Make sure you mix it all very well. This helps dry out the brown sugar a little and gets all of the ingredients well incorporated. At this point, it should look brick red. If it’s too orange from the tumeric, add more chili powder. It should be grainy without any clumps. You might want to let it sit out for a day so that the brown sugar dries completely and then remix it, although this isn’t really necessary.

At this point, I like to take some dried chiles and grind them in the coffee grinder that I have dedicated for spices (you should definitely have one of these around the house, but never use a coffee grinder that you use for coffee). I like to add one chipotle, one habanero, two or three Thai bird peppers and a couple of Japanese chiles. You’ll get a few tablespoons which you’ll set aside. CAUTION: don’t breathe this powder or get it in your eyes. If you get any on your hands, wash them immediately before touching any part of your body. This is very hot. Then I like to break up an ancho chile pepper and a cascabel and grind them, which I add to the reserved ground chile. I then incorporate them into the rub. If you can’t stand spicy food, you can leave these out, or just do ancho chile and cascabel, which aren’t very hot, but keep in mind that if you’re doing pulled pork, the heat from the chiles is going to be mitigated by the long cooking time. Also, you’re free to substitute your favorite dried peppers.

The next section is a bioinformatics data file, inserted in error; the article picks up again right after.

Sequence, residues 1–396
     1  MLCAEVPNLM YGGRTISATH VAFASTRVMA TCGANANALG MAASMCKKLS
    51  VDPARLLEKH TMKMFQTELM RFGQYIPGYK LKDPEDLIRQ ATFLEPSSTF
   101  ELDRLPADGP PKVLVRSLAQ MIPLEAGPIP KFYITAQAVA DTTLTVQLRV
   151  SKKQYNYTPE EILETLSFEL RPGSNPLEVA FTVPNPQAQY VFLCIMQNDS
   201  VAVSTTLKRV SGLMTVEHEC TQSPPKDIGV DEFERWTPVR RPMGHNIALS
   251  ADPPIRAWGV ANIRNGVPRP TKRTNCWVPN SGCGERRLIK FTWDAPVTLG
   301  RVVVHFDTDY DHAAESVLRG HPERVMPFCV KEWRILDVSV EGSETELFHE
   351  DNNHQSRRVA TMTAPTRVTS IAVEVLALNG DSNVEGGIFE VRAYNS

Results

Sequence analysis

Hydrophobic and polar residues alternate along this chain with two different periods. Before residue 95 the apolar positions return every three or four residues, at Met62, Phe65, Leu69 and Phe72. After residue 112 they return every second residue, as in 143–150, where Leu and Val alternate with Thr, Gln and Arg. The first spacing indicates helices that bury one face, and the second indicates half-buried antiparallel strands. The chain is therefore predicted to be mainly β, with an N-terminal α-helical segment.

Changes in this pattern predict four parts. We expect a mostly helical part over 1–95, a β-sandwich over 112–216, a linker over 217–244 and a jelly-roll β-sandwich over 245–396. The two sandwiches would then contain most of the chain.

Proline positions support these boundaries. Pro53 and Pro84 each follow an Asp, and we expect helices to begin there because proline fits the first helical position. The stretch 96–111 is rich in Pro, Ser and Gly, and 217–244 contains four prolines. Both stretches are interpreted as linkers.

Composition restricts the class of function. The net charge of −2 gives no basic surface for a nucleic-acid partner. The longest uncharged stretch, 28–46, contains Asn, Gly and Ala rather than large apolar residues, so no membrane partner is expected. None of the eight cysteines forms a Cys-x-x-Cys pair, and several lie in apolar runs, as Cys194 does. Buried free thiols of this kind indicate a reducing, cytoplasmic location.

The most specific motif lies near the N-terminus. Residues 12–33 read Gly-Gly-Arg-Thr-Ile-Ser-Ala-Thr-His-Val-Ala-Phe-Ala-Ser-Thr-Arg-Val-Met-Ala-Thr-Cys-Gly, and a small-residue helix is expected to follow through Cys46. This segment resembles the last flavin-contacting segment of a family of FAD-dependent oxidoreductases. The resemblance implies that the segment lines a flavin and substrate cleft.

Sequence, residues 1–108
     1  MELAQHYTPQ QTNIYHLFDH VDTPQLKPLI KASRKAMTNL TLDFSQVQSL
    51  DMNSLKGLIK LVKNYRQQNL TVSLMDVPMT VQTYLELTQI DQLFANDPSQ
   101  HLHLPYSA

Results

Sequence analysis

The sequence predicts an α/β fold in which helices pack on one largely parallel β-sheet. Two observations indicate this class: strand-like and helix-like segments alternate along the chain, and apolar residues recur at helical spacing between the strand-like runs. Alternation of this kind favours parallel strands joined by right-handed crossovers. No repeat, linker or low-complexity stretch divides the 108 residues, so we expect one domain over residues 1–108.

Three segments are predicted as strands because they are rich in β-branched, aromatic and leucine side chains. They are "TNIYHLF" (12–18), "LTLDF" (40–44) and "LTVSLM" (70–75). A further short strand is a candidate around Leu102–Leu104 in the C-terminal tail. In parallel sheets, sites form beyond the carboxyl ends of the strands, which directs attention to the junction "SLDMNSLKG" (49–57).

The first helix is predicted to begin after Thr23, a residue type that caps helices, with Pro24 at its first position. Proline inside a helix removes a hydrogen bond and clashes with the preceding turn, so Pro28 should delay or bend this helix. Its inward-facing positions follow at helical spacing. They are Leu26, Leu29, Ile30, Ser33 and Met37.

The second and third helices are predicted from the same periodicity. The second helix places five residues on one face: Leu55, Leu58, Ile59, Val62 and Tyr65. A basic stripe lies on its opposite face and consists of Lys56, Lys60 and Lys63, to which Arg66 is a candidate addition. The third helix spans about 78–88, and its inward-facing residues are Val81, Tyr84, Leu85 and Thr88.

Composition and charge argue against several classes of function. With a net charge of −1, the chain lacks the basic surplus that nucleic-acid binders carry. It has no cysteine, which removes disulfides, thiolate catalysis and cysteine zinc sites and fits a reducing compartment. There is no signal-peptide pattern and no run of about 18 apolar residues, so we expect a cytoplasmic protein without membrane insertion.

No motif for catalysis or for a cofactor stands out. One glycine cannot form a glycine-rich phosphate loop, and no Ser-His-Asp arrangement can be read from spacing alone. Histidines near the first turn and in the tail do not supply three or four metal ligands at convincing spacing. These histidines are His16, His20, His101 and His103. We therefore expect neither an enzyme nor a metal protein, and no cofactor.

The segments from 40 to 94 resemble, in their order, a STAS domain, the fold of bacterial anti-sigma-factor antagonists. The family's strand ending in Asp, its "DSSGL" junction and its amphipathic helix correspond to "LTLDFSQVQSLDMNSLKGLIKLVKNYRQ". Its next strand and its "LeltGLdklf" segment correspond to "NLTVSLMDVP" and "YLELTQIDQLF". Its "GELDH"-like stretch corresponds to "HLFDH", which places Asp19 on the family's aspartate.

Finally, the secret ingredient. No, I’m not going to post it publically. If you give me your email address in the comment section and ask me for it, I’ll send it to you. The rub will be just fine without it, but the secret ingredient sets it apart from other more conventional rubs.

You’ll want to end up with a very grainy, brick red, slightly orangy rub. You can play around with the proportions and there are other things such as adobo or lemon salt that you can add if you want. Feel free to experiment. If you want to avoid a black bark and get the kind of mahogony color that you see from other styles of BBQ or from the pros, leave out the brown sugar and don’t rub it with any sugar product at all. Just make the rub without sugar and put a light coat of it directly on the meat. It will stick due to the moisture that’s already there.

This rub is good for beefing up commercial BBQ sauces as well. Add a little at a time to taste. It’s also good for adding to apple juice and vinegar as a mop. When you mop a butt or a shoulder during cooking, you build up the bark and add to the depthness of flavor.

Enjoy the rub and I’ll be interested in any comments from users.

This is a stock picture of a rub. I like to make sure that I don’t have any clumps of brown sugar or big flakes of spices, except for the thyme that I get from the Middle Eastern market. I make sure that I pulverize any oregano and basil leaves into a powder by rubbing it between my fingers. However, this is close to the color that you want. Just make sure that you mix it up better so that you get very fine granules.

dry rub (converted)

 

 

 

 

 

 

 

 

 And this is the result:

BBQ

 

 

 

 

 

 

 

 

 

Doesn’t that just make your mouth water? My chef at work gives this two thumbs up.